When I was growing up, my mom was really nervous about my sister and I standing too close to the microwave. She was afraid that there would be stray radiation when we were heating up food that would be harmful. As a kid, I always loved to watch through the front window as the bubbles formed, the cheese melted, and the chicken shriveled up. I thought it was all very fascinating since as far as I could see, the plate was just turning in a circle.
Back in the 50’s when microwaves were an up-and-coming technology, I’m sure that the risk of stray radiation from microwaves was a lot higher — and that’s probably where my mom was coming from when she would caution us against standing too close. But nowadays, the machines are built to be much safer, with layers upon layers of protective material. So, I’m not too concerned about zapping my tea while I’m messing around nearby in the kitchen.
In fact, I’m not too concerned about much of anything when it comes to microwave ovens. That is, except for flavor and texture. My husband and I don’t use ours very much at home because we find that pizza ends up soggy, steak gets tough, and pasta becomes gummy. Things also just have a more vibrant and delicious aroma when they’re reheated on the stove or in the regular oven.
But there is something that makes me slightly less inclined to use microwaves for health reasons: the microbiome
Microwaves vs. The Microbiome
When I was in college, I took a course that was all about microbiology and food. We focused on learning about food-borne pathogens like Salmonella and E. coli, and all the other unfortunate things that make our food unsafe. We talked about safe storage and cooking temperature, the type of illness caused by the bacteria and viruses, etc. We even had a lab where we’d extract bacteria from packaged food, culture it on petri dishes, and marvel at the terrifying things growing in our Cheetos. I’ve never been more thankful for my immune system. Some of that stuff was nasty.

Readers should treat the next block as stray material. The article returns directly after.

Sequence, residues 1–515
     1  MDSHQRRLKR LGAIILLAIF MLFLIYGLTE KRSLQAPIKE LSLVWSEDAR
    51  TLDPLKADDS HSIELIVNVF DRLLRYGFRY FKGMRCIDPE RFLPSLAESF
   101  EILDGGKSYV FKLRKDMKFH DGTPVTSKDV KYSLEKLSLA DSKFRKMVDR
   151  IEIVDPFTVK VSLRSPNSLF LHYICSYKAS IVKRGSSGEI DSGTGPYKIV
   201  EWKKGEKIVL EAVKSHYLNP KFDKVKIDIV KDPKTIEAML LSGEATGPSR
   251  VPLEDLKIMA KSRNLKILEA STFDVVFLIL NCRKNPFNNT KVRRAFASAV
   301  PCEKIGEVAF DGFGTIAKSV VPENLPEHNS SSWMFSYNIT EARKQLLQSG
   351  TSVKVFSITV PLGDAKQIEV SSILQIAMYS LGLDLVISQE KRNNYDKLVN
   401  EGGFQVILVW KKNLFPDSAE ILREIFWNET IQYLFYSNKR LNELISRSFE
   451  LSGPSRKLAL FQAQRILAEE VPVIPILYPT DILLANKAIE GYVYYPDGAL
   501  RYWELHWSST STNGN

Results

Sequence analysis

In our lab, one of the ways we would sterilize our equipment is through heat. We’d boil glassware and sterilize our innoculation loops by passing them through flames. But when it came to handling dangerous bacteria, the way we sterilized our samples after we used them was with a microwave.
How microwaves work:
A microwave heats up food through friction. When the microwaves strike food molecules, they “energize” them and cause them to vibrate — it reminds me of the wired feeling that comes after drinking too much coffee. When these molecules start vibrating, they all do so randomly and in different directions, causing them to rub up against each other. This causes heat to be produced where the motion is taking place, and the food heats up in pockets of vibratory friction throughout the food.
However, the microwaves we used in our microbiology lab weren’t helpful because of the heat that was produced but rather because of that vibratory motion itself. Bacteria are teeny-tiny, single-celled organisms with just a thin membrane surrounding all of their important life structures. When they’re placed in a microwave, that membrane starts to vibrate — so much that it sort of “pops” open. Without an intact membrane, the cell dies. When the bacterial cells die, the sample is sterilized.
The same thing happens in our food. When we put something in the microwave, many of the bacteria undergo the same fate as my collegiate microbiology samples — they vibrate to death. The same thing happens with active enzymes in our food that help with digestion and health — the vibration causes them to change shape and die off.
While I know that I eat enough fresh food to keep my microbiome happy, it’s interesting to think that a microwave kind of kills my food. Even after we cook meat or broccoli on the stove, the enzymes in those ingredients are still very much alive because they’re not as sensitive to heat as they are to microwave vibration.
Yes, I still use a microwave regularly, especially to reheat my lunches during the week. It’s part of my regular daily life. But it certainly sparks my curiosity about the necessity of a quick zap compared to tastier, more vibrant, more alive food when I take the time to use some old fashioned heat when I’m at home.
What are your thoughts? Do you use a microwave?